Been away for a couple of weeks from this hobby blog of mine, and what better way to launch back into it than with a list of the things that annoy me the most when I run, eh?

A quick update then…. The last week I ran just over 73 miles and that is a lot for me. My schedule increases by quite a bit in the coming weeks – the month of March is the one where those of us running in a Spring marathon hit our mileage peaks.

My schedule last week went like this:

Monday – 6mi recovery run AM. 4mi recovery run PM.
Tuesday – 10mi with 4miles run at half marathon pace
Wednesday – 10mi general pace run.
Thursday – 6mi recovery
Friday – 12mi run at marathon pace.
Saturday – 6mi recovery
Sunday – 19mi.

You can go and check out my runs over at Strava if you’re on there and are interested.

Marathon and ultra marathon training, especially when training for a specific event is not just running though. You’d maybe think that all us runners do is run a lot for our training, but it is more than just running. Some sessions are hard, fast sessions where the muscles and joints take a pounding. However, I do a lot of free weights, resistance training and plyometrics. I spend time at the squat rack in my garage, using resistance bands, jumping on and off boxes, working my core in particular and have a stretching and mobility routine that is also a virtual workout in and of itself.

I am fit, energised and well in general as a result, but the day after a long run, I struggle to get up for my early morning recovery run. There are times when I feel royally weary. I am in my 40s, I run my own busy business, have two toddlers at home, and so I forgive myself for feeling a tad knackered on occasion following the really tough days of hard training.

That’s not really a major problem in my opinion though. The odd bout of stiffness, groaning as I get up out of a chair and not wanting to get up at 5am a couple of days a week are all things I have grown used to over the years and strangely derive some comfort from. However, there are a few things that are a bit annoying about being a runner with schedules such as those I follow:

1. Next Day Excuses:

Long gone are my days of cutting shapes to rave music until 4am. My typical phrases are no longer about how late I can stay up, what drinks I’m having next or where the after party is, instead, I now say stuff like;

“I can’t stay late, I’ve got a long run in the morning.”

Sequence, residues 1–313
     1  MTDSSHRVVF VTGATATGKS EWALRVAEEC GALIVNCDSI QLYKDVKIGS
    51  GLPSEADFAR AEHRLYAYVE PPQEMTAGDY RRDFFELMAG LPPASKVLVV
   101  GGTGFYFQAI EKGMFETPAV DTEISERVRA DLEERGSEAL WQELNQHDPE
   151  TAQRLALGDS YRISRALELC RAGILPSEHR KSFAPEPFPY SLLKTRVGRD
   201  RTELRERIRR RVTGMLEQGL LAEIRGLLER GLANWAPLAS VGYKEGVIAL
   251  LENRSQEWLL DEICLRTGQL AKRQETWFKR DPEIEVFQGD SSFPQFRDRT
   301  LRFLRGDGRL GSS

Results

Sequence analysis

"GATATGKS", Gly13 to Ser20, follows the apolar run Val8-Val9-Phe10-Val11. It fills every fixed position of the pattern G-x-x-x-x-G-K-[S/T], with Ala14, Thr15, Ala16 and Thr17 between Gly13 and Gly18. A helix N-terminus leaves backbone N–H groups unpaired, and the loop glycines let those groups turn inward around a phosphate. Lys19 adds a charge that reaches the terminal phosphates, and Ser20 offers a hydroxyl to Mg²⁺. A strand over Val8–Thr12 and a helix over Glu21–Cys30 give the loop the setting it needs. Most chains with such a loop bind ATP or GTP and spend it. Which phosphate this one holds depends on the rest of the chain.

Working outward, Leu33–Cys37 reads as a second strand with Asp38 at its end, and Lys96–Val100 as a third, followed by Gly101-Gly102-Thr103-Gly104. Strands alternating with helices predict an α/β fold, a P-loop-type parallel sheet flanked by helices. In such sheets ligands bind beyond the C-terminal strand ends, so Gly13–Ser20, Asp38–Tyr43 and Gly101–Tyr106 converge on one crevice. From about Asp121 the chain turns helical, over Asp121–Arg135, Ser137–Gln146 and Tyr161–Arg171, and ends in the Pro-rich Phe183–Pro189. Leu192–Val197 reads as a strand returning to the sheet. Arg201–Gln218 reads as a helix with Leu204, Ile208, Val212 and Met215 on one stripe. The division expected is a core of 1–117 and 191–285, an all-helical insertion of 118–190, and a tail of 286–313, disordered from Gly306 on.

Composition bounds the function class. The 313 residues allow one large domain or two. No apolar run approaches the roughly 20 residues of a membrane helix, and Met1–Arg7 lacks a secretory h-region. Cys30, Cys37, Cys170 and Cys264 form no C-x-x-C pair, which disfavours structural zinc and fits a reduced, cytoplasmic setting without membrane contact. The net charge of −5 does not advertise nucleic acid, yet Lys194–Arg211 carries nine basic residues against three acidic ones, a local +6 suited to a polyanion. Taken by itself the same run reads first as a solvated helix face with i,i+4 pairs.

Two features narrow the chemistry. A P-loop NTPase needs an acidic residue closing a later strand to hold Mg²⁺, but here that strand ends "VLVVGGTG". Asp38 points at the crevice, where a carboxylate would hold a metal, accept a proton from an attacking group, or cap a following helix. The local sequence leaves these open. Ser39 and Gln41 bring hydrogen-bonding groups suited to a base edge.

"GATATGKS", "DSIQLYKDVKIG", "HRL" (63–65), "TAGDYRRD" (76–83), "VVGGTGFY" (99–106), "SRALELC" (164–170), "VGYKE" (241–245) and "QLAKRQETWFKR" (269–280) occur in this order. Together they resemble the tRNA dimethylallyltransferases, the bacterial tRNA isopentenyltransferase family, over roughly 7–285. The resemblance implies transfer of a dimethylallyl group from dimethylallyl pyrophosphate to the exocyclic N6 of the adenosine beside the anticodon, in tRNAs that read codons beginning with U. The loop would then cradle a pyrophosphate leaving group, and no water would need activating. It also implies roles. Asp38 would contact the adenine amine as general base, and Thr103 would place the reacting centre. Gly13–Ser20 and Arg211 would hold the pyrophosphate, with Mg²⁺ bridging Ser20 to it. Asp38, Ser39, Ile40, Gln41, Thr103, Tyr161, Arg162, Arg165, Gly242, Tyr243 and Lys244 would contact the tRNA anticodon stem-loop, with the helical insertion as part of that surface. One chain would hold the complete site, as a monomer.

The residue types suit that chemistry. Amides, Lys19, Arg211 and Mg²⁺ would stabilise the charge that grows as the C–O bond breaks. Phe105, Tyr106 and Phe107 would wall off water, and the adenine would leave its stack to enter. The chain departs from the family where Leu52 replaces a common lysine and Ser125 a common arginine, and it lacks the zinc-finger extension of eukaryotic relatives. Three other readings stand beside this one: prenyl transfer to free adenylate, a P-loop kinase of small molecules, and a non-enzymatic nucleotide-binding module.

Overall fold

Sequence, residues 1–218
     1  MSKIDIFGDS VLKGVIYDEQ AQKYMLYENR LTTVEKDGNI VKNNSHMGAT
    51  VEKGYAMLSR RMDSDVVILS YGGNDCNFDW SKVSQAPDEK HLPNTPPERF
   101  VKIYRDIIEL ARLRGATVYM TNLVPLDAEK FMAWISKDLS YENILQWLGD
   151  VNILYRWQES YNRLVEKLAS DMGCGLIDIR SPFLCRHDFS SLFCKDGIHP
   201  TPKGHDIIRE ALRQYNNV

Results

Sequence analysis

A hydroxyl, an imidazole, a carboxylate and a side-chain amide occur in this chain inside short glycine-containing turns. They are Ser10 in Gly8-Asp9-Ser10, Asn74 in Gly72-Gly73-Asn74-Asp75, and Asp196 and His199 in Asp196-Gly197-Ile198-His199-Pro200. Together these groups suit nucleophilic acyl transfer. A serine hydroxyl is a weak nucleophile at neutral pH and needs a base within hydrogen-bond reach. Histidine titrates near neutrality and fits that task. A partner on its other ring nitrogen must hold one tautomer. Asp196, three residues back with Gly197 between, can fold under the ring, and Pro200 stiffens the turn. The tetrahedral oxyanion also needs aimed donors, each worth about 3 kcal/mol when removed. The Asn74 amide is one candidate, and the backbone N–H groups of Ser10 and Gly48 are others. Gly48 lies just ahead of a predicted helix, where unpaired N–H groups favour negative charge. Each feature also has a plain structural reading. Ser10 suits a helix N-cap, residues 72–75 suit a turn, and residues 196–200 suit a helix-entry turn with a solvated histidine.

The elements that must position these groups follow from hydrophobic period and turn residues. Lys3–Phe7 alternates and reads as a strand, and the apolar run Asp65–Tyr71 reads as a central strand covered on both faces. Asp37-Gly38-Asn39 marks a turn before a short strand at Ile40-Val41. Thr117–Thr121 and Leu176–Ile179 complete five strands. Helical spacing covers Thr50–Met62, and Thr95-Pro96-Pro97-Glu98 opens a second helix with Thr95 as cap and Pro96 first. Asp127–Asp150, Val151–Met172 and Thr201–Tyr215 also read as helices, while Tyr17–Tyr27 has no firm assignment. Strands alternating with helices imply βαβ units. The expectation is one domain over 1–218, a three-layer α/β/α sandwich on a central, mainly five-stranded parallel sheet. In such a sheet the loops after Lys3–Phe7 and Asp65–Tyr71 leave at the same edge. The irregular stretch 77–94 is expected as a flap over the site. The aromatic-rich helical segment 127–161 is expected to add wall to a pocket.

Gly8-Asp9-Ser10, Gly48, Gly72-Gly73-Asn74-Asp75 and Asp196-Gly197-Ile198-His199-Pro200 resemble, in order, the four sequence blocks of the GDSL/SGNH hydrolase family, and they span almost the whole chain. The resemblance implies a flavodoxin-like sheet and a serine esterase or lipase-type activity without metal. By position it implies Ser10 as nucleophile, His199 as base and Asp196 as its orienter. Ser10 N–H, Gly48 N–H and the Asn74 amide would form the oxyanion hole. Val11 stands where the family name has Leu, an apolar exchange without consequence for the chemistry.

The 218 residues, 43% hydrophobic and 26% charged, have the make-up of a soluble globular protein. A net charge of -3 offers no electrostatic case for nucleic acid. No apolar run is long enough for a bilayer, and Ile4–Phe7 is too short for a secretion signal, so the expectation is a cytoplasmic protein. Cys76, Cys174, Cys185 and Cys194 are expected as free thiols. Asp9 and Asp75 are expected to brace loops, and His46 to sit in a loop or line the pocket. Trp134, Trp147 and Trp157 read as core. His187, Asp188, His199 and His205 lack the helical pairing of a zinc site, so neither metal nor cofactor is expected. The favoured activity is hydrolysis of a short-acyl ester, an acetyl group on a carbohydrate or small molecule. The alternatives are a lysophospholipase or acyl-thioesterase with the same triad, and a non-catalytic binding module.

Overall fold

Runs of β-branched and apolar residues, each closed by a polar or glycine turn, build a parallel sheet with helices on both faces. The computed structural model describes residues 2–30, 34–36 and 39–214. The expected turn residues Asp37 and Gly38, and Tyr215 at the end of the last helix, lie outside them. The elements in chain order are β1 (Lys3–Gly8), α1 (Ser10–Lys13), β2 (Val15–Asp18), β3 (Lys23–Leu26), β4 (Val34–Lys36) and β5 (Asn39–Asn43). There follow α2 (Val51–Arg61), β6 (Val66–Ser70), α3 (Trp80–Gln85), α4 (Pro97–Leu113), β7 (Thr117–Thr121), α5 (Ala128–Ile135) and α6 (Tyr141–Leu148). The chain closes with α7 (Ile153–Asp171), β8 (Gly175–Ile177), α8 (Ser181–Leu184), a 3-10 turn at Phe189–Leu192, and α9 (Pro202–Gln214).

“I’m not drinking, I’ve got a long run in the morning.”

This is the tip of the iceberg, but Sunday is my Saturday night, if you can call it that. During the hardcore training season, I tend not to drink at all and if I do it is on a Sunday night after my long run. I struggle to do my long runs without good nutrition and a good night’s sleep under my belt, so I don’t go for it on Saturday night’s as a result.

2. Attitudes of Non-Runners:

Recently, as I ran along the sea front at 6am, a couple of youths at the end of their night were smoking joints in their car and leaned out of the window to hilariously utter the words:

“Run For­est, Run!”

Oh HAHAHAHAHAHAHAHAHAHAHAHAHA.

This is the single most hilarious, cripplingly funny and sharp witted thing to say to a runner, who has never heard such a highly creative joke as that before. A bit like hypnosis professionals being told “look into my eyes, not around the eyes….” ad nauseum.

Jenny was saying it out of kindness to encourage her friend Forest to outrun a group of bullies, and ever since morons around the world have taken to shouting it at someone who is also running. It officially stopped being funny about 2 days after the release of the film.

It is also what this comment represents though. An attitude towards a runner.

Loads of people complain on social media about runners always talking about running. So what if they do? We all talk about things we like. We all talk about things that make us feel accomplished, why not? If running is an important part of a person’s life, and if that person wanted to go on about it at Facebook all the time, then so what? Is it any worse than constant pouting selfies, photos of a glass of Prosecco or someone’s dinner, or a hopelessly scientifically inaccurate meme by David Avocado Wolfe or sharing of a free prize giveaway from your local butchers?